All the metaphors in the scripture describing the church feature, the common characteristics of unity and shared life and fellowship made possible through the finished work of Christ. Believers compose one priesthood, one nation, one race, one temple, one plant, one flock, one family and one body. We have been made one spiritually and we belong together in communion, living out that oneness in local churches. We are commanded not to forsake "our own assembling together", so that we can "stimulate one another to love and good deeds" (Heb 10:24-25). The Lord Himself is the Head of the church (Eph 5:26). He is the Saviour of the Elect and He governs the church by His invisible hand. Yet He uses man to serve Him faithfully in the local church and we are to study, understand and apply the biblical teachings of Christ concerning the life and ministry of our local Christian church. There are at least 4 areas in the church that we must recognise the kingship and direction of our Lord over His church.
1. Biblical Doctrine
The Kingship of Christ in the church requires the teaching of sound biblical doctrines and commandments of the king. Obedient and faithful subjects should know the decrees of their monarch. The early church continued steadfastly in the apostlesí doctrine, prayer, fellowship and the sacraments (Acts 2:42). There were given to proper doctrinal foundations as pivotal to the growth and vitality of the local churches. The Word of God was the basis of all preaching and teaching, as in 2 Tim 3:16-17, "All scripture is given by inspiration of God, and is profitable for doctrine, for reproof, for correction, for instruction in righteousness: That the man of God may be perfect, throughly furnished unto all good works."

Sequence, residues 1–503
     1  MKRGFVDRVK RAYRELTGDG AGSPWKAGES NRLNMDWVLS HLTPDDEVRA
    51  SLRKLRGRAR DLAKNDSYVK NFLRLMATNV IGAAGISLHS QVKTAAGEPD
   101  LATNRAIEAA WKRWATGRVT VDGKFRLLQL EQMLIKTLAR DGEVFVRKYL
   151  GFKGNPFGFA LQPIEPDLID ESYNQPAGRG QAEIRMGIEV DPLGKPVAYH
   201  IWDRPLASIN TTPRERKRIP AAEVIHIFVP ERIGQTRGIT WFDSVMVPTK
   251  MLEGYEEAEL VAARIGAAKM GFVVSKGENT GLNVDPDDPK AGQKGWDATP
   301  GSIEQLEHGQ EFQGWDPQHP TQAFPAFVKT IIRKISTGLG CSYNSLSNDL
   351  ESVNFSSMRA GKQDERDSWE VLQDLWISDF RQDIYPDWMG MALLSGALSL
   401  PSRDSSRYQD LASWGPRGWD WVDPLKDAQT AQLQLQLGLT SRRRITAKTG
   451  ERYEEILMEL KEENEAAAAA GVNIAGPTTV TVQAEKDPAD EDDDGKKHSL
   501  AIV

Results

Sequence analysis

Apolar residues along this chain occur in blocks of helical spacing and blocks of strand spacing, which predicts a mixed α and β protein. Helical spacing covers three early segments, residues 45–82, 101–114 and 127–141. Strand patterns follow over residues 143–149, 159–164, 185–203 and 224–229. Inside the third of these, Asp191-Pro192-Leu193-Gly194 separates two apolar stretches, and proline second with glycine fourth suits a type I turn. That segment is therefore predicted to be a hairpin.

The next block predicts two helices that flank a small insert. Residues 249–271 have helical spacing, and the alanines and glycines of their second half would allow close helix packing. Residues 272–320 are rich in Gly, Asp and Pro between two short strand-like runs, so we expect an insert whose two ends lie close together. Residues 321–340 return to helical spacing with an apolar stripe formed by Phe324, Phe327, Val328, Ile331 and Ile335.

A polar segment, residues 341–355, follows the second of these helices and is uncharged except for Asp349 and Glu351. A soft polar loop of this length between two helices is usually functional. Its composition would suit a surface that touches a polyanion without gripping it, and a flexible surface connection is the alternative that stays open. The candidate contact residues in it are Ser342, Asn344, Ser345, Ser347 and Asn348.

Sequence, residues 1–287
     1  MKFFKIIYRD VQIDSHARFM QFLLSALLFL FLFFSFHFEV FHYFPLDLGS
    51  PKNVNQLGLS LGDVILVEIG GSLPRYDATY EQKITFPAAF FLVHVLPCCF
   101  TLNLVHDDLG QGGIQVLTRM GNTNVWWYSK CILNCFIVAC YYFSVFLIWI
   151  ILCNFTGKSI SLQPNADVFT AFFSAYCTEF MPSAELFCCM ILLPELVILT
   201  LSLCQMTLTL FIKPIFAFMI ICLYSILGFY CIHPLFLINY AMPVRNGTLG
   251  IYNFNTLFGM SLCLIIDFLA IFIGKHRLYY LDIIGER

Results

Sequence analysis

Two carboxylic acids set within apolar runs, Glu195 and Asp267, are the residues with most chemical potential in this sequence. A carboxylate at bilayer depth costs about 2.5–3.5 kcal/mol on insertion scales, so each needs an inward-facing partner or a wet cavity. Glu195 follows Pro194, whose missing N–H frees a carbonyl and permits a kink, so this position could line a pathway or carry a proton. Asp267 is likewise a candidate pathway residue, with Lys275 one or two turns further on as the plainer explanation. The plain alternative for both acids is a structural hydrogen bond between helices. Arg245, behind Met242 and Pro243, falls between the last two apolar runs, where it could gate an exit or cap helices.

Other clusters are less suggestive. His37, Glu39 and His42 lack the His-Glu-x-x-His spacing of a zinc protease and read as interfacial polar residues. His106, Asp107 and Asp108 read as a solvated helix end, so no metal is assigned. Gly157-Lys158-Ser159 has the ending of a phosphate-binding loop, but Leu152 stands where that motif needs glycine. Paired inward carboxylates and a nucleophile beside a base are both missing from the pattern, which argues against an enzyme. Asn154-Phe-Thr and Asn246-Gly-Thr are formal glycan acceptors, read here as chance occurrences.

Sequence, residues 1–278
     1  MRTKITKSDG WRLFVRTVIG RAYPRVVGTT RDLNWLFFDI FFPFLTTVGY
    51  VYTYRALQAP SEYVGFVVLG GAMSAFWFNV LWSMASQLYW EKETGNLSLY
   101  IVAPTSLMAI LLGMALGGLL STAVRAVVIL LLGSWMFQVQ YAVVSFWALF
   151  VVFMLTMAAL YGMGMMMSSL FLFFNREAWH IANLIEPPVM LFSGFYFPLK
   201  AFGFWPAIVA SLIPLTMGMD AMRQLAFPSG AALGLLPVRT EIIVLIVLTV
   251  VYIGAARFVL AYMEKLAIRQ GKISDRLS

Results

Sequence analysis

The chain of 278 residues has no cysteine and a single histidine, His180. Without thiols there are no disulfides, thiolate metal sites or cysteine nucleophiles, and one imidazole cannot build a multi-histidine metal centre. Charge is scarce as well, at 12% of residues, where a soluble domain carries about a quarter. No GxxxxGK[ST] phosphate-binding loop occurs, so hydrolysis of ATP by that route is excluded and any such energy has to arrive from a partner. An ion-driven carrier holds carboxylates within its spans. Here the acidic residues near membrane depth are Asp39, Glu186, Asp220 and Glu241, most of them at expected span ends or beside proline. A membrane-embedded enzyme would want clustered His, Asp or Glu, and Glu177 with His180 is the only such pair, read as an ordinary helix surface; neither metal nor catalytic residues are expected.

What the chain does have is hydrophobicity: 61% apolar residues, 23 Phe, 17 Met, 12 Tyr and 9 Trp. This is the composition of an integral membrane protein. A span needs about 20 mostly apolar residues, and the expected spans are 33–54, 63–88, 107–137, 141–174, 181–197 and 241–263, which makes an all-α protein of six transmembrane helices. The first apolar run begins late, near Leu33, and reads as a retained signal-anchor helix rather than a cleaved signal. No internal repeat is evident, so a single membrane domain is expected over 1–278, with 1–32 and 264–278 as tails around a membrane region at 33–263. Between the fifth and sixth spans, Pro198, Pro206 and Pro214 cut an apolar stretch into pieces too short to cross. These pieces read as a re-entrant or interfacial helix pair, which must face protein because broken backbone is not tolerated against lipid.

There are many false teachings and heretical practices taught by cults, modernists and New Agers that are being passed around today. A Christ-honouring and bible-based church will warn others and keep itself only from such perverted and corrupted teachings that will undermine the biblical doctrines of grace. 2 Tim 2:15-16 says, "Study to shew thyself approved unto God, a workman that needeth not to be ashamed, rightly dividing the word of truth. But shun profane and vain babblings: for they will increase unto more ungodliness." Be like what Jer 15:16 says, "Thy words were found, and I did eat them; and thy word was unto me the joy and rejoicing of mine heart: for I am called by thy name, O LORD God of hosts."